6 Things Australia Should Adopt From Other Countries
We already know that travel makes you a better human and that spending all your money on a holiday will make you happier than buying a new plasma TV. But it also gives you the chance to explore other cultures and pick up a few tips about how to live life a little better.
From spicy fruit to emotional coffee breaks, here are few things that every Australian should consider adopting from other countries.
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Imagine this: It’s a hot summer’s day, you’ve carb-loaded at that hip new burger joint around the corner and the last thing you feel like doing is going back to work. So rather than slumping over your computer and feigning productivity, you instead unroll a little hammock to take a 26-minute nap.
Originally introduced in the mid-20th century as a way for farmers to escape the hottest part of the day, siestas have long been a part of Spanish culture. Until their Prime Minister Mariano Rajoy recently moved to abolish the country’s famed “long lunch”, a traditional working day in Spain started at 8:30am and ended at 8pm with a two-hour break to go home, carb-load and nap. While the demands of modern life have meant that siestas are becoming increasingly rare for most office workers in Spain, daily napping is a habit that even NASA recommends. Which is good enough reason to skip your next lunchtime yoga class in favour of a restorative kip.
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Hot soup for breakfast
Let’s be honest, there is absolutely nothing satisfying about a continental breakfast. A few slices of jam toast and a bowl of Coco Pops will never make you feel as good as a steaming hot bowl of pho. A staple of Vietnamese cuisine, the meaty broth is traditionally cooked pre-dawn and served up to workers before 9am.
Open-air pho restaurants sprawl out onto the streets of Vietnam’s biggest cities, especially Hanoi, where locals will gather on wooden crates and small stools at their favourite spots. Chock full of spices including ginger, star anise and cinnamon, Pho is often described as “the soul of the nation” which sure sounds a lot more nourishing than “just like a chocolate milkshake only crunchy”.
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Sweden is the world’s third biggest consumer of coffee, coming in just behind The Netherlands and Finland. But their relationship with the humble bean is far more evolved than that of most other nations. In Sweden coffee is integral to a tradition known as “fika”, which is essentially a healthier (and more social) version of the classic Aussie smoko. At least once a day Swedes will take a moment out of their busy schedule to gather with friends or colleagues, eat something sweet, and drink coffee. Much more than just a coffee break, though, fika is about slowing down and taking time to connect with the people around you.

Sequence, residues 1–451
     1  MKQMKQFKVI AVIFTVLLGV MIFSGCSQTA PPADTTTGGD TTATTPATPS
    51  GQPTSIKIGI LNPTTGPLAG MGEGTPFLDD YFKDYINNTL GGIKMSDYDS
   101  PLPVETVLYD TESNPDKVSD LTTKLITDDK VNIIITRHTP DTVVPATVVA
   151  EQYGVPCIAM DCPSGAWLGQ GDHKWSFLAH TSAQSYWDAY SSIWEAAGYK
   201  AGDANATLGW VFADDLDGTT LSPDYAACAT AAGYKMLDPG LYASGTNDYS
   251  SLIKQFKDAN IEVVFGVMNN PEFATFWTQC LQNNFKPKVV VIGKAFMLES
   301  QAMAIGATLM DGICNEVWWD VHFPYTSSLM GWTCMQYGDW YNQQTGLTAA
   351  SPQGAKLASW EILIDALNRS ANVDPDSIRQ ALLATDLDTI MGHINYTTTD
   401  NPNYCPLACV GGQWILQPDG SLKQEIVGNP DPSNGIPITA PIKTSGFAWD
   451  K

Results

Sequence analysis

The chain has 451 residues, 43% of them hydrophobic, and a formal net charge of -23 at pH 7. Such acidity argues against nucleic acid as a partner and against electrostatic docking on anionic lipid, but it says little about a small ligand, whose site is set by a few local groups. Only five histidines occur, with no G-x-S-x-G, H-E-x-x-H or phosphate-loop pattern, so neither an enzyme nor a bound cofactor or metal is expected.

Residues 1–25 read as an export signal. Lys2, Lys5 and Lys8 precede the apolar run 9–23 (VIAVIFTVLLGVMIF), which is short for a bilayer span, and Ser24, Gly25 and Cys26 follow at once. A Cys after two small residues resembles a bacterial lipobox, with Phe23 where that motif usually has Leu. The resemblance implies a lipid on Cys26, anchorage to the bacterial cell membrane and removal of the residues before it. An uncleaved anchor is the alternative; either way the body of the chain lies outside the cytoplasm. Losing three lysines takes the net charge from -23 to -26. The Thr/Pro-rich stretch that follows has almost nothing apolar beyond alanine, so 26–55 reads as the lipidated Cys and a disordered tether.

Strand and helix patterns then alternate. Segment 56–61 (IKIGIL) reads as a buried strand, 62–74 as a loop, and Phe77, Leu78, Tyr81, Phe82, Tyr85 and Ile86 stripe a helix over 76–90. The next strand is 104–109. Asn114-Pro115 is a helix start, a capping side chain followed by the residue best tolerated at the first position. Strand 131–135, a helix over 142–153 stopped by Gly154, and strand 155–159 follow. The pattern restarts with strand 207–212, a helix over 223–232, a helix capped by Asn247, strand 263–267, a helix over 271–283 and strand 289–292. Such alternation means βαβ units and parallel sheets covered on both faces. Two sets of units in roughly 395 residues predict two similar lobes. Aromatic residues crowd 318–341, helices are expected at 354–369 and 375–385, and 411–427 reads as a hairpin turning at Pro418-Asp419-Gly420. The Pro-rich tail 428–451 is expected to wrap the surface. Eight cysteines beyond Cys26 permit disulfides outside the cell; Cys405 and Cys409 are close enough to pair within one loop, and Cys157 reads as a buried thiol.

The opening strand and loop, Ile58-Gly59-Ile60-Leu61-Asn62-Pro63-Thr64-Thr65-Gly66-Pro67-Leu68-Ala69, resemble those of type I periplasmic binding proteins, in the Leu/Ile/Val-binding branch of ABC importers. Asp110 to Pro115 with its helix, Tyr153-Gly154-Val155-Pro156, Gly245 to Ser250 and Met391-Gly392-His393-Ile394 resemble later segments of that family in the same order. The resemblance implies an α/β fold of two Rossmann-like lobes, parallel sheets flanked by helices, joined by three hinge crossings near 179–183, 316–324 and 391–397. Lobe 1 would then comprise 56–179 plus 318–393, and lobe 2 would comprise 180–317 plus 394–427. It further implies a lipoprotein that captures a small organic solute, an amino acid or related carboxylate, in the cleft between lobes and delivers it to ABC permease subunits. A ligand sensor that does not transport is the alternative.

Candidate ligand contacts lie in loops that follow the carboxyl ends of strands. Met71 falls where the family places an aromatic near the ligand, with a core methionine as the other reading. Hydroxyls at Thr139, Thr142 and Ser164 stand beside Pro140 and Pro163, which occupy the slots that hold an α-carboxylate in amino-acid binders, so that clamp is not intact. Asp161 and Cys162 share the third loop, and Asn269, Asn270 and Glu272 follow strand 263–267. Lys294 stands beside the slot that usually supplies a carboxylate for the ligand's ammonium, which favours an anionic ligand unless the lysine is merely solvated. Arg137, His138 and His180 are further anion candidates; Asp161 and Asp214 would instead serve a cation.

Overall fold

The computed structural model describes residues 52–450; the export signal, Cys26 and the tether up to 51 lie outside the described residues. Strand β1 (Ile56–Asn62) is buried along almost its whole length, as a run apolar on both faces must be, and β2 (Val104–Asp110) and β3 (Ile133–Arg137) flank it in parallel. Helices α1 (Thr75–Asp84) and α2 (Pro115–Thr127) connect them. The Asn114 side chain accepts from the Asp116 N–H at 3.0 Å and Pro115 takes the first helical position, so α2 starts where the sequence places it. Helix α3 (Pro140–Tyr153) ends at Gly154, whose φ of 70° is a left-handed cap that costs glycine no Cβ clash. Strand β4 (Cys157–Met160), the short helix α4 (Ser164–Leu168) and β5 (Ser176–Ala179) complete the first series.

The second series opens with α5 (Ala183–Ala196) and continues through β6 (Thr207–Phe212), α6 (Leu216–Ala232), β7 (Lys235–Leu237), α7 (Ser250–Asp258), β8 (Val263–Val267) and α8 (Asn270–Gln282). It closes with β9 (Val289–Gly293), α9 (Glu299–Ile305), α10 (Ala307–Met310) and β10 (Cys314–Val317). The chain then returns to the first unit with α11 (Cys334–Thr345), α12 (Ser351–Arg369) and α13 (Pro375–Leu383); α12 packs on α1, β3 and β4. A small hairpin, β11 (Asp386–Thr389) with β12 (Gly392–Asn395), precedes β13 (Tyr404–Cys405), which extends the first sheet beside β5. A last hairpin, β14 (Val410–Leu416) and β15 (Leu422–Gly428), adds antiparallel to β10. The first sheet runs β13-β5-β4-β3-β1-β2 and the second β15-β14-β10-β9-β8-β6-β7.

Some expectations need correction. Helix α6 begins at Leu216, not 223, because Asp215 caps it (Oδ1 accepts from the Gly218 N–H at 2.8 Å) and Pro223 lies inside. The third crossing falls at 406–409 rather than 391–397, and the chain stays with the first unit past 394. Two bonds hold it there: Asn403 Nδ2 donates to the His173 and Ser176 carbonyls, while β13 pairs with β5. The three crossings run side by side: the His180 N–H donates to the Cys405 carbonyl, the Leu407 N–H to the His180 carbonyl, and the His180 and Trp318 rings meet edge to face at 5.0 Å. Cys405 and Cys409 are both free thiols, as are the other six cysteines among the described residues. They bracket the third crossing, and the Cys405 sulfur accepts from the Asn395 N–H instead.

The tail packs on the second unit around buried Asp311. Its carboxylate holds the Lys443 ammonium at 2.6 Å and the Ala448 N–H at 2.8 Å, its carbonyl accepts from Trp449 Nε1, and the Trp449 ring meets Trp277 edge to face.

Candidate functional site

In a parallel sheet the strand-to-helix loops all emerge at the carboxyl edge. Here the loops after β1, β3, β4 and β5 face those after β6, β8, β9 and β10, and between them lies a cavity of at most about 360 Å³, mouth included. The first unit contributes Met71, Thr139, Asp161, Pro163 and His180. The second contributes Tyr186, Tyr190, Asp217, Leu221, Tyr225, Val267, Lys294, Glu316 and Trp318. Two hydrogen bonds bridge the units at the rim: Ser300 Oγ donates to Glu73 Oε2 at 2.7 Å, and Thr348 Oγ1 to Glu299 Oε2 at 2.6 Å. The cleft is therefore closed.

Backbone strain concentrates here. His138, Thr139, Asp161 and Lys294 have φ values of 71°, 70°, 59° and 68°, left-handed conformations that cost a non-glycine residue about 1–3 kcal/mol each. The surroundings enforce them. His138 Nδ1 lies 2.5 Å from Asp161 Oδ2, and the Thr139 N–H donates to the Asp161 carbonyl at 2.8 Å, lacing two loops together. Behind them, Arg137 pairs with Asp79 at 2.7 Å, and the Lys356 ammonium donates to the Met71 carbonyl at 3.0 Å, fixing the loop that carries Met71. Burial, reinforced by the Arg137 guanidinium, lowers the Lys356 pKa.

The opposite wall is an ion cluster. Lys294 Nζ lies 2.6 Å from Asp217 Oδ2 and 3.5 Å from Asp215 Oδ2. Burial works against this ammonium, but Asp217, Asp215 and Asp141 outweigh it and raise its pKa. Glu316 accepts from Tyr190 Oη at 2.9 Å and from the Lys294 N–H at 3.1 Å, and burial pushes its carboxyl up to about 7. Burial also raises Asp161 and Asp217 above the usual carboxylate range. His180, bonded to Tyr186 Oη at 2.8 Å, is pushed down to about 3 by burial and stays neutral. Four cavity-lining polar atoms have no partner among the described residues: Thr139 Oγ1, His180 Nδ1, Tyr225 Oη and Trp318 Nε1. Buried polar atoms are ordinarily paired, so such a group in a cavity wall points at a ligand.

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Jokamiehenoikeus roughly translates to “Everyman’s Rights”, and it is a social concept the lies at the very heart of Finnish society. In simple terms it means that any person has the right to go anywhere in nature without seeking permission and do what they want as long as it’s not destructive to the natural world or other people. While there are a few laws in place for private property, the right to roam means you are more than welcome to set up camp, go fishing, hiking or simply wander around a national park or any other natural public space as long as you leave it the way you found it. Other countries like Sweden and Norway have similar practices all of which are considered the key to Nordic people’s love of adventure and the outdoors.
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This Danish word is usually translated into English as “coziness”, but most Danes will tell you that doesn’t come near to doing hygge justice. Like the idea of snuggling up under a warm blanket in front of a hot fire? That’s hygge. Or enjoying a bottle of wine and good conversation with your closest friends? Also hygge. Sitting alone and reading a good book? You guessed it, hygge. At its very essence hygge is about feeling warm and joyful – something the people of Denmark work very hard at over their long, dark winters. Whatever Hygge is it sounds glorious, and probably has something to do with the Danes literally being the happiest people in the world.
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Fruta con chile y limon
You can’t go far in Australia at the moment without spotting a Mexican restaurant. And while tacos and enchiladas are finally being fully embraced Down Under there is one delicious Mexican snack that seems to have passed us by: Fruit with chili powder and lime or fruta con chile y limon. Once you’ve added lime and chili to fruit, you won’t consider eating a “raw” orange ever again. Traditionally served from street cars in plastic bags or small card-board containers fruta con chile y limon can come in the form of mango, pineapple, watermelon, mango cactus or – the most delicious of all – coconut. Hot tip: You can even combine a few of them together to make a chili and lime fruit salad guaranteed to win you some new friends.